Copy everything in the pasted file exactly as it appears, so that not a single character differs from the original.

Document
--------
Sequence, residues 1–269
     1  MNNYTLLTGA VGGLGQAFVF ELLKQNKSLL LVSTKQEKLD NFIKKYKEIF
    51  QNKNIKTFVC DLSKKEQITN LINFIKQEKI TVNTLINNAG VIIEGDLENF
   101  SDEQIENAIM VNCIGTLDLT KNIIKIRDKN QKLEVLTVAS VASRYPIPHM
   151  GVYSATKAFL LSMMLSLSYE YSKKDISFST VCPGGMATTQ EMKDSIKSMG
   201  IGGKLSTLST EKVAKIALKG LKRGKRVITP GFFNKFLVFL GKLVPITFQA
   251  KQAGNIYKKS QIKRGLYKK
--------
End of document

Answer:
Sequence, residues 1–269
     1  MNNYTLLTGA VGGLGQAFVF ELLKQNKSLL LVSTKQEKLD NFIKKYKEIF
    51  QNKNIKTFVC DLSKKEQITN LINFIKQEKI TVNTLINNAG VIIEGDLENF
   101  SDEQIENAIM VNCIGTLDLT KNIIKIRDKN QKLEVLTVAS VASRYPIPHM
   151  GVYSATKAFL LSMMLSLSYE YSKKDISFST VCPGGMATTQ EMKDSIKSMG
   201  IGGKLSTLST EKVAKIALKG LKRGKRVITP GFFNKFLVFL GKLVPITFQA
   251  KQAGNIYKKS QIKRGLYKK